def take_max([], _num, _func), do: []
end

Pattern matching allows us to write very little code here. If asked for 0 items or given an empty array, return an empty array.

There’s another test we can write that will help us avoid the real work of implementing take_max:

test "taking more elements than are in the list returns everything in the list" do
  source = [1, 2, 3]
  taken = TakeMax.take_max(source, 20, &(&1))
  assert Enum.sort(source) == Enum.sort(taken)
end

This test will fail because there’s no matching TakeMax.take_max/3 for the arguments. Let’s add one:

def take_max(list, num, func) do
  take_max(list, num, [], func)
end

defp take_max([], _remaining, keepers, _func), do: keepers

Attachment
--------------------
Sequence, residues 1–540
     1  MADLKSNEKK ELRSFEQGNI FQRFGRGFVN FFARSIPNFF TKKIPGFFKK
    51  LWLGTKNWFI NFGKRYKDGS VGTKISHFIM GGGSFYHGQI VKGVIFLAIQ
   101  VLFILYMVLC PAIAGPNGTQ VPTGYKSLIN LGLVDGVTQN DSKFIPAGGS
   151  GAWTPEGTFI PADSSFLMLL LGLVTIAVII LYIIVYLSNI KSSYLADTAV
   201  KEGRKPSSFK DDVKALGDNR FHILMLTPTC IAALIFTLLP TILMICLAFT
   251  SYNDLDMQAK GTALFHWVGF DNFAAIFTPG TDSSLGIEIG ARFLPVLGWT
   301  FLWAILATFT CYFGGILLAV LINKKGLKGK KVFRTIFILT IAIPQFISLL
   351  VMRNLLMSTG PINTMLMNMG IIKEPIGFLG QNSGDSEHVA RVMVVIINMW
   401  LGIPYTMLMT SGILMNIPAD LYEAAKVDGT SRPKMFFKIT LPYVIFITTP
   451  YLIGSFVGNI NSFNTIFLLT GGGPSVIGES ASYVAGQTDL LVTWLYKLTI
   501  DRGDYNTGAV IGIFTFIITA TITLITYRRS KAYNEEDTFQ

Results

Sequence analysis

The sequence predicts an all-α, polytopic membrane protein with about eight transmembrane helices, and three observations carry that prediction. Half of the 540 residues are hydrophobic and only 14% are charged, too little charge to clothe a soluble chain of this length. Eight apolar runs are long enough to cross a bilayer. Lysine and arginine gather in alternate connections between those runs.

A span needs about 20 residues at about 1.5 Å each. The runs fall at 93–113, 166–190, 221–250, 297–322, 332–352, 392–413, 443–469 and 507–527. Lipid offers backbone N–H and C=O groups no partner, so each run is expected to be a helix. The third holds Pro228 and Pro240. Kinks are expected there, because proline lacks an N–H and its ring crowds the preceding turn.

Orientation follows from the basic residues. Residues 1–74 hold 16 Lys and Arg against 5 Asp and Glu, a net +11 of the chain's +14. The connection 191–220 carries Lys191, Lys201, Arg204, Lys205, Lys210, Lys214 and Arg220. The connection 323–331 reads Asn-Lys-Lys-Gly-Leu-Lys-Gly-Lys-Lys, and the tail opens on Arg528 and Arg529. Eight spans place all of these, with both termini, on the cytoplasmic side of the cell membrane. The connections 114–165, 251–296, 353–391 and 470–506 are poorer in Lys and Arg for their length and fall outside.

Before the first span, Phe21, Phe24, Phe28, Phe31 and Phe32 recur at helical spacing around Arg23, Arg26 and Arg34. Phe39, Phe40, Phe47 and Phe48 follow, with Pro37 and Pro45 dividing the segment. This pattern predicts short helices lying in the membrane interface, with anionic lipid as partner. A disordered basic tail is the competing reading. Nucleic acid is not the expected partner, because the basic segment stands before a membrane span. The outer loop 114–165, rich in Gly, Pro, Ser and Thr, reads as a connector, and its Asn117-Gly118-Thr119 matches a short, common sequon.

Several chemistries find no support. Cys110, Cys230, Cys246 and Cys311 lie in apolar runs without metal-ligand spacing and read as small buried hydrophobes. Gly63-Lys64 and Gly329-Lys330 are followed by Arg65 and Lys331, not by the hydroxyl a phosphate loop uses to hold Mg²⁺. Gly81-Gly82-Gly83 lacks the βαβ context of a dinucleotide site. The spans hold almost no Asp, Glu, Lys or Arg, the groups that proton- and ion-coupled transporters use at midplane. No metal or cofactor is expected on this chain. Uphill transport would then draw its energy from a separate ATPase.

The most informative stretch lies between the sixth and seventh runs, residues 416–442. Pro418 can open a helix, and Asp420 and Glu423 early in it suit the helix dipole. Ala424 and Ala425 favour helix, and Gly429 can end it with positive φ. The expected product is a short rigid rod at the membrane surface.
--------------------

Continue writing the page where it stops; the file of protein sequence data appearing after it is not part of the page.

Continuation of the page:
defp take_max([head | tail], remaining, keepers, func) do
  take_max(tail, remaining - 1, [head | keepers], func)
end

We use a private function to accumulate a list of elements to return, keeping track of how many more elements need to be added to the list. This approach saves us from repeatedly counting the elements in keepers, which is an O(n) operation in Elixir.

The current implementation doesn’t respect the value of num; it will return the entire list, regardless of how many elements were requested. That needs to change, and it’s the next test we write:

test "it returns the N largest elements in the list" do
  # Use large numbers so that Elixir doesn't think it's a list of characters
  source = [500, 700, 800, 100, 400, 900]
  taken = TakeMax.take_max(source, 3, &(&1))
  assert Enum.sort(taken) == [700, 800, 900]
end